Giuliani was born in East Flatbush, an only child. Giuliani and his family moved to Garden City South. Giuliani graduated from Bishop Loughlin Memorial High School in 1961. He then attended Manhattan College in Riverdale, Bronx, majoring in political schience and minoring in philosophy. During this period he considered becoming a priest. He graduated from Manhattan College in 1965, and instead of becoming a priest, he decided to attend New York University School of Law, graduating cum laude with his Juris Doctor in 1968.
Also in 1968, Giuliani volunteered for Robert F. Kennedy's presidential campaign, and had previously worked as a Democratic party committeeman on Long Island.
Giuliani's first job after law school was clerking for Judge Lloyd Francis MacMahon, United States District judge for the Southern District of New York. Two years later, he joined the United States Attorney's Office for the Southern District of New York. After three years, Giuliani was made execitive US Attorney, and Chief of the Narcotics Unity.
In 1975, he was recruited to be Associate Deputy Attorney General, and the chief of staff, under Deputy Attorney General Harold Tyler.
In 1981, after spending a few years in private practice, Giuliani was named Associate Attorney General in the Reagan administration. After two years, Giuliani took what was technically a demotion, by being appointed US Attorney for the Southern District of New York. Giuliani took this position because he wanted to personally litigate cases. It was during his tenure as US Attorney that he prosecuted some of his highest profile trials, including the Mafia Commision Trial, and Ivan Boesky and Michael Milken.
In 1989, Giuliani resigned from his position as US Attorney, just as the Reagan Administration ended. He then returned to private practice, until being elected Mayor of New York in 1993. This came after an unsuccessful run for the same position in 1989.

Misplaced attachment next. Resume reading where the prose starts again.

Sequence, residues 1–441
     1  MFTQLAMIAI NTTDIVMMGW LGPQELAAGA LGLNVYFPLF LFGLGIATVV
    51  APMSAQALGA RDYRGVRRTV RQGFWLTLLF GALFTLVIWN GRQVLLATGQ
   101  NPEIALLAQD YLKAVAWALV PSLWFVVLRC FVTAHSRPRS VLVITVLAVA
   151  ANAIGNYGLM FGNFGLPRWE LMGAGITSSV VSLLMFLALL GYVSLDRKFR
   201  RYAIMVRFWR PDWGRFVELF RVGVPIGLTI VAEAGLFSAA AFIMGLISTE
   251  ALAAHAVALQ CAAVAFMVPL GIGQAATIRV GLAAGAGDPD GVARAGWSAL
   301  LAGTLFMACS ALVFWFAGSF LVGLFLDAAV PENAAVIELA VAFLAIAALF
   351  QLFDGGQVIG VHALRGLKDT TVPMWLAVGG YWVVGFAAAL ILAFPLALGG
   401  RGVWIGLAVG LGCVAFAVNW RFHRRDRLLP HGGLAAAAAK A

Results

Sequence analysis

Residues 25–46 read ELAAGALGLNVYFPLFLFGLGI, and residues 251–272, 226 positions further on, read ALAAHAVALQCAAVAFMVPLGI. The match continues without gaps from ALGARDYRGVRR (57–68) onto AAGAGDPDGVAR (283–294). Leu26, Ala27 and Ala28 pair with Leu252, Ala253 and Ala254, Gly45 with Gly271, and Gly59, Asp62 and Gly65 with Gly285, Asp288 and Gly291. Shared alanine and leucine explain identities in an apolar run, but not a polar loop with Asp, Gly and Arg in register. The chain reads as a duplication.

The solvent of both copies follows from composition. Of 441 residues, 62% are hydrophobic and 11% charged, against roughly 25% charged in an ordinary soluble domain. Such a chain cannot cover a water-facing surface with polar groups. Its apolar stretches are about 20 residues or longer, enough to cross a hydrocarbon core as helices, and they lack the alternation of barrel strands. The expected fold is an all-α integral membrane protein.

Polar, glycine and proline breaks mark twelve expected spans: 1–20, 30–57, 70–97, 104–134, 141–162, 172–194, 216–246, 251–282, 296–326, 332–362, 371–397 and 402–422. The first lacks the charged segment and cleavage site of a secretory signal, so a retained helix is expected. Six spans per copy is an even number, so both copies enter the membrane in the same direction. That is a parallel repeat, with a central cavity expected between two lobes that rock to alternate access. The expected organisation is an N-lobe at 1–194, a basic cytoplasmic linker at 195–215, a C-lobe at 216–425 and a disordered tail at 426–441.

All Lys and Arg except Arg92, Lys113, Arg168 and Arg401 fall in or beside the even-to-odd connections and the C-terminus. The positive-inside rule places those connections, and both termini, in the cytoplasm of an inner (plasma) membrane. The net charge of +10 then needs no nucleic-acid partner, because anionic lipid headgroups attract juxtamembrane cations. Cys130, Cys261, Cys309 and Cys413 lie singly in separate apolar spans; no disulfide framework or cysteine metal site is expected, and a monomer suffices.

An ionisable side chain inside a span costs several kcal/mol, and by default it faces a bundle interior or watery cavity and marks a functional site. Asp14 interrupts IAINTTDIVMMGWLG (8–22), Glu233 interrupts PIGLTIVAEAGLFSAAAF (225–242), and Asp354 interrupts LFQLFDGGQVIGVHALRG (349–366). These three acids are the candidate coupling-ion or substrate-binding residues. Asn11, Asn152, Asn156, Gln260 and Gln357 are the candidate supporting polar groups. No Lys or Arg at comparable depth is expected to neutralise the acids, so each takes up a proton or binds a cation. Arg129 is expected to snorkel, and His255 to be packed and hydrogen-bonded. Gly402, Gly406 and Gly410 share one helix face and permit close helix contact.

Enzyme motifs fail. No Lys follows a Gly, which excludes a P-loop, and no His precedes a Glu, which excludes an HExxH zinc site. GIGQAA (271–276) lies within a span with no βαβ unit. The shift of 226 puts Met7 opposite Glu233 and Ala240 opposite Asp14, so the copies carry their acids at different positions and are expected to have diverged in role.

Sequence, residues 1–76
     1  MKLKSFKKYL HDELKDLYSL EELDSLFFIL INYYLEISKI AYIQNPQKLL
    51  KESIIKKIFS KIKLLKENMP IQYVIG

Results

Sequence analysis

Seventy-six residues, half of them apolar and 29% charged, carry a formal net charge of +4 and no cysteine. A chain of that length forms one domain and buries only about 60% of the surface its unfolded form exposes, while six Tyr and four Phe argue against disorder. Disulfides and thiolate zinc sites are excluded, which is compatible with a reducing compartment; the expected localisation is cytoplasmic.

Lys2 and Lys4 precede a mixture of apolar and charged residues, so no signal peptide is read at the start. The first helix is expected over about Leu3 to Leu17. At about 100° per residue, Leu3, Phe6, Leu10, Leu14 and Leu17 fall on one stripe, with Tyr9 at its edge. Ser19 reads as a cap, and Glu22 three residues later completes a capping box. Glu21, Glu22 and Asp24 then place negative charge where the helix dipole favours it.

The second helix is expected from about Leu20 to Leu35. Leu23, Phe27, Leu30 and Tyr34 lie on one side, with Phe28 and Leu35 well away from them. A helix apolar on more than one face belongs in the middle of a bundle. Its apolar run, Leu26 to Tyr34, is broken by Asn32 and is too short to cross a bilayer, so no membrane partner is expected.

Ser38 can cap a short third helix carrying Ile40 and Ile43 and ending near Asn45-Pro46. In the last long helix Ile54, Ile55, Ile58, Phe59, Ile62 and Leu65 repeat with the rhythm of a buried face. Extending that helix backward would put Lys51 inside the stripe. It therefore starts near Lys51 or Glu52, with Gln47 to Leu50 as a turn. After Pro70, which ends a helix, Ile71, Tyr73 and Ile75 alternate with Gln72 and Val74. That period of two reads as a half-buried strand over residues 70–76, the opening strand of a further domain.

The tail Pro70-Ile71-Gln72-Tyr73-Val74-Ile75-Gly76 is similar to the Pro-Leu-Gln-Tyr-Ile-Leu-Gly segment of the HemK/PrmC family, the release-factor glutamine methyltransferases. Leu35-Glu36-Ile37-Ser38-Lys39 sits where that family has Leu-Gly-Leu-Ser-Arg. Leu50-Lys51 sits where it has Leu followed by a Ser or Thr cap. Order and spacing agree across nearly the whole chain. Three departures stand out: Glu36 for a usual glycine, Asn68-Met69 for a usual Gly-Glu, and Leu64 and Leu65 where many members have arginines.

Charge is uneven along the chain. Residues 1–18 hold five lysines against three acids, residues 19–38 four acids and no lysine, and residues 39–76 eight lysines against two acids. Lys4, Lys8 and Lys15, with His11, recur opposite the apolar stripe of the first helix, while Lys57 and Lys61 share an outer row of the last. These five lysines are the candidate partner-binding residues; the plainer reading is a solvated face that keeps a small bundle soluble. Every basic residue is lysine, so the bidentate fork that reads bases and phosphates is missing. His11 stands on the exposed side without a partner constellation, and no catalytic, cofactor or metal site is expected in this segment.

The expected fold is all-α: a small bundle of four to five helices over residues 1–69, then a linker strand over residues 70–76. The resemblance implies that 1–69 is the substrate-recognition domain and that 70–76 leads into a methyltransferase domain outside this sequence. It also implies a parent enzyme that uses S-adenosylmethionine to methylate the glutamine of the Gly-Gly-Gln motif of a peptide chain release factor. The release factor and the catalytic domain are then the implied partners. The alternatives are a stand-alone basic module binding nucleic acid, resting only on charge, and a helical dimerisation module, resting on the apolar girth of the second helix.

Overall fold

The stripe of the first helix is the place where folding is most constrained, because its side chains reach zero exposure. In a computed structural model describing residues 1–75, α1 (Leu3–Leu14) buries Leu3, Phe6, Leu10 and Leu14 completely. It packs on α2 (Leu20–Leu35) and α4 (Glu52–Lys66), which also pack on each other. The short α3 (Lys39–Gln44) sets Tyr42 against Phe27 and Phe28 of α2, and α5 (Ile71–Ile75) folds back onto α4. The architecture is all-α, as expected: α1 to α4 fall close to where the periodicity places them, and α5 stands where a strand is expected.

Giuliani's term as Mayor was marked by significant changes in law enforcement, including his emphasis on the controversial "Broken Windows" strategy. Crime rates dropped during his Mayoralty, but the exact impact of Giuliani's policies on the rates are subject to significant dispute.
In 1998, Giuliani started his run for the soon to be open US Senate seat to be vacated by Daniel Patrick Moynihan as of the 2000 election. This lead Congressman Charles Rangel, and other Democrats to recruit Hillary Rodham Clinton, at that time, still First Lady, to run for the seat. Their celebrity status was though to be sufficiently equal to allow for a somewhat fair fight. On May 19, 2000, however, Giuliani withdrew from the race, citing prostate cancer, and various issues in his private life.
On September 11, 2001, Mayor Giuliani was faced with the unthinkable. The terrorist attack on the World Trade Center, which left the Twin Towers a pile of ruble, and 2,753 people dead. Giuliani was highly visible in the days after the attack. He immediately gained international attention and a huge approval rating. In spite of the initial popularity obtained, there are many who cast doubts on the Mayor's role in the preparedness of the city for such an attack, and how he oversaw the clean-up efforts afterward.
Giuliani ran in the 2008 Presidential race, but on January 30, 2008 withdrew from the race, with dismal results thus far and endorsed John McCain.
Since the end of his term as NY Mayor, he has worked at Giuliani Partners, a security consulting firm, and Bracewell and Giuliani, a high profile law firm.
Giuliani's name has been mentioned over the years as a possible candidate for NY Governor, US Secretary of Homeland Security, and even running for the 2012 Republican nomination for President.